The USA has long influenced British popular culture - via things as varied as drinks, famous celebrities and, of course, dances such as the jitterbug. During the Second World War, many Americans signed up to be GIs and, while based in the UK, swept the land girls off their feet as they danced the jitterbug to the sounds of Glenn Miller and Benny Goodman.
The jitterbug started life in America, inspired by the music of some of the greatest names in the business - including Cab Calloway, Edwin Swayze, Harry Alexander White and Benny Goodman. Although many believe Cab Calloway coined the term 'jitterbug', it was actually his trumpeter, Edwin Swayzee, who overheard Harry Alexander White using the term and emulated him by entitling his own song 'The Jitterbug'. So - White first used the term, Swayzee emulated it, and Calloway made it famous.
It was thanks to Benny Goodman, however, that the jitterbug craze soared. Goodman had his own band and was a regular radio presenter for New York's National Biscuit Saturday Night radio broadcasts. Goodman's band was eventually signed by the RCA-Victor Records Company in 1934; that summer, the band embarked on a tour of mixed fortunes, playing to quite a few flop houses before finally striking lucky at their final event at the Palomar Ballroom in Los Angeles during August, 1935 where, to Goodman's surprise, kids were spotted lining up in a queue spanning several blocks to hear him play. The people of Los Angeles were gripped and so too were the news reporters who reported that the kids were 'jitterbugging' in the aisles. This was the beginning of the Swing Era: swing bands, the jitterbug and swing dance for white Americans. During the summer of 1936, Goodman was called upon to play at the Paramount theatre in New York and yet again the reporters went crazy reporting similar outbreaks of the jitterbugging craze that had possessed the East coast. By 1938, the jitterbug was established, as Goodman's type of jazz was joined by fancy footwork, elaborate swings and twists and turns on the dancefloor.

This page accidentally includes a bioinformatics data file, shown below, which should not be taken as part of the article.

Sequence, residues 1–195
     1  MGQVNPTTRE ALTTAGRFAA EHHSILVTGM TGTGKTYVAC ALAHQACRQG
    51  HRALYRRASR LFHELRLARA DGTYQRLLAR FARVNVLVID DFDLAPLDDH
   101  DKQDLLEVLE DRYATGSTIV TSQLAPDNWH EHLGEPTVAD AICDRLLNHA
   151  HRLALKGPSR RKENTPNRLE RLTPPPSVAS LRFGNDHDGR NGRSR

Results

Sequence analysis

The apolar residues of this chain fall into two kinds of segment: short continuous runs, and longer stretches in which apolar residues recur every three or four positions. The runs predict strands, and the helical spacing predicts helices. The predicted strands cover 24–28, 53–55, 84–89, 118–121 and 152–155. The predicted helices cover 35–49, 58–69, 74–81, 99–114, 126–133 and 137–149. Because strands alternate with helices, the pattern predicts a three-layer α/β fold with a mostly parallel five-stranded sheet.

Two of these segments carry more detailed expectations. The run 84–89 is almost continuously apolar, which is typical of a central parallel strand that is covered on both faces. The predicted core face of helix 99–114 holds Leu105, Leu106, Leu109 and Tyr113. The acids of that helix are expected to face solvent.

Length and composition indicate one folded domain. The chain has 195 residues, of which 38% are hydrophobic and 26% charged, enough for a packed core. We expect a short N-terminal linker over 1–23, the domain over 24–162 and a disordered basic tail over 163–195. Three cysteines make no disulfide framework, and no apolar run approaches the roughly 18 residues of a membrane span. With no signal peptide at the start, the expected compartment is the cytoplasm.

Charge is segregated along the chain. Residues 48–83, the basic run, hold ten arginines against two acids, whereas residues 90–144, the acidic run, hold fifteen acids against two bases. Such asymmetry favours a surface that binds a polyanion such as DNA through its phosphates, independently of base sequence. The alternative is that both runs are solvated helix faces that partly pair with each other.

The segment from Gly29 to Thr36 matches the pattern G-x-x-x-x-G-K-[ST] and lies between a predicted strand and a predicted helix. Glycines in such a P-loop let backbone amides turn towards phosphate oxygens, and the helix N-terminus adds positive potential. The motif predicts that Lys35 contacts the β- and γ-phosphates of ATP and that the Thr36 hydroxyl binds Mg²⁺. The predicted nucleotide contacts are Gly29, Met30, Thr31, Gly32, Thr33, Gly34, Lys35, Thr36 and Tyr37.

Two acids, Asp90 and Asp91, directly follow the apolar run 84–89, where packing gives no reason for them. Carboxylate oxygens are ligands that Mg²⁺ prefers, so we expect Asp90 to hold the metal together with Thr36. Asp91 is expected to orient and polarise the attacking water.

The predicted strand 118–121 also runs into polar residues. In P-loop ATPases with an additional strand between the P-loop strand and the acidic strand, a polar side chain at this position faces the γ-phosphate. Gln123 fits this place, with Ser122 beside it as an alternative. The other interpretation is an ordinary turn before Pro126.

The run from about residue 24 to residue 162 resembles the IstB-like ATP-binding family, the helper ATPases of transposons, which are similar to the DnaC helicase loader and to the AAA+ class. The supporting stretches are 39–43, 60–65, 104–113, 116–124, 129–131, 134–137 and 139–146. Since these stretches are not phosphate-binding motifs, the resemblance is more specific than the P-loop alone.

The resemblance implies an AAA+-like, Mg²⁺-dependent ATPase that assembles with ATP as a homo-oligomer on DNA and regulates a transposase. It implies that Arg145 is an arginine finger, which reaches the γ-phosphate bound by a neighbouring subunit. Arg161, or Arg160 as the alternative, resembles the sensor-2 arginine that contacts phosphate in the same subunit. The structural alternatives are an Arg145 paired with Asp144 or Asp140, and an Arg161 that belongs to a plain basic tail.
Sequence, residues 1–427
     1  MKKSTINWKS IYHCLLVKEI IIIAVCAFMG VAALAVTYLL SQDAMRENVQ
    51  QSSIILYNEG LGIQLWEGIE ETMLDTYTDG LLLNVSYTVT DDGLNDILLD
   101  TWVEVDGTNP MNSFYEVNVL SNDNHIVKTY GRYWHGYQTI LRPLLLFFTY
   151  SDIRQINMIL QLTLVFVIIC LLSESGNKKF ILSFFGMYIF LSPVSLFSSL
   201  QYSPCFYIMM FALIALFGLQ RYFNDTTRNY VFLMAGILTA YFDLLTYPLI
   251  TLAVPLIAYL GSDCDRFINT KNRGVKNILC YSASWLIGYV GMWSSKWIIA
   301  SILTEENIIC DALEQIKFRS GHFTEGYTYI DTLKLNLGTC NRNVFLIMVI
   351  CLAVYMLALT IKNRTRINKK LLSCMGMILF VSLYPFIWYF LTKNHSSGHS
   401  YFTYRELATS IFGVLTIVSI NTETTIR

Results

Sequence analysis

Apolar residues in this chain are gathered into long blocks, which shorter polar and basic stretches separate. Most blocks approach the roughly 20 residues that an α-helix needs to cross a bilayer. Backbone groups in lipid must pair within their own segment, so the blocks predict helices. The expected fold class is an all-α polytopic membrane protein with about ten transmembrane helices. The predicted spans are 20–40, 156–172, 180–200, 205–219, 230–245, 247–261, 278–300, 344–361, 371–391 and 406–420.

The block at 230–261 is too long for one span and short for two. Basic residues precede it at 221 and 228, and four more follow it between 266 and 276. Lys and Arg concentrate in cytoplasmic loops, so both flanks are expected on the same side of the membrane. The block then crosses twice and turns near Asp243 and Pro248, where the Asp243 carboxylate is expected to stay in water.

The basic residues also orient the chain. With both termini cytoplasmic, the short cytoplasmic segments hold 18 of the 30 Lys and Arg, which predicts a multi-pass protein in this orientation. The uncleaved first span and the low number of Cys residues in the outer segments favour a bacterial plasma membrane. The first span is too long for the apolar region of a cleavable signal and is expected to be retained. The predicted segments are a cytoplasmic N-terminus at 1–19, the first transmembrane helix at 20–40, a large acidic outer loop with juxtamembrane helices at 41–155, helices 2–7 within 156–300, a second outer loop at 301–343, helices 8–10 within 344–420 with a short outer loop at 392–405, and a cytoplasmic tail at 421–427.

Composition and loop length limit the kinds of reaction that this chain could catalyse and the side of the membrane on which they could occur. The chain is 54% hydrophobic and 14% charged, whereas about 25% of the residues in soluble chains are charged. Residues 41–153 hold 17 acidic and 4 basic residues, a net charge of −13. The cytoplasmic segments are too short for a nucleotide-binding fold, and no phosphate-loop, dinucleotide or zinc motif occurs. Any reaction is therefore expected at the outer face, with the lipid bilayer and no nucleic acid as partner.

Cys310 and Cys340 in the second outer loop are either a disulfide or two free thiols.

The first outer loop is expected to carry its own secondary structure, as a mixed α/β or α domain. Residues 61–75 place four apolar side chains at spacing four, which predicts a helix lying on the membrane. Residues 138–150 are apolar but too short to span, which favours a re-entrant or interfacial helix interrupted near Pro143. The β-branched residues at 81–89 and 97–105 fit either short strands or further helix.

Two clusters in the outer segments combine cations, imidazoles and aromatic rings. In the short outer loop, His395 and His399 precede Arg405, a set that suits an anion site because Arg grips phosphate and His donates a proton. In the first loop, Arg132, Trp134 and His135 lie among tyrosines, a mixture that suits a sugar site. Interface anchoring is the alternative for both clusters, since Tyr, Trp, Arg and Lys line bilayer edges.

What is the jitterbug?
Initially, the word 'jitterbug' is thought to have been used to refer to a man or woman affected by alcoholic or drug-related nerves. It also conjured up images of rather a sexual nature and was used to describe the effects of syphilis - however, many other definitions were more comical and family-friendly, claiming that the term came from the act of bouncing around like bugs.
One interesting story behind the term 'jitterbug' concerns a man named George Snowden (aka 'Shorty George') who called the dance the 'lindyhop' at the Savoy Ballroom in 1926, in reference to Charles Lindbergh's recent 'hop' across the Atlantic. However, in 1936 the name seemed to lose its appeal - mainly because of Lindbergh's racist views, his dislike of the degeneracy of swing era America and finally in 1938, by his acceptance of the highest Nazi civilian medal, ordered by Adolf Hilter. Therefore 'jitterbug' became the more commonly-used word. Still, whatever the definition and whatever the reporters had in mind when they reported on the momentum of the jitterbugging groundswell, the jitterbug itself has become more commonly known as a dance that evolved from the lindyhop.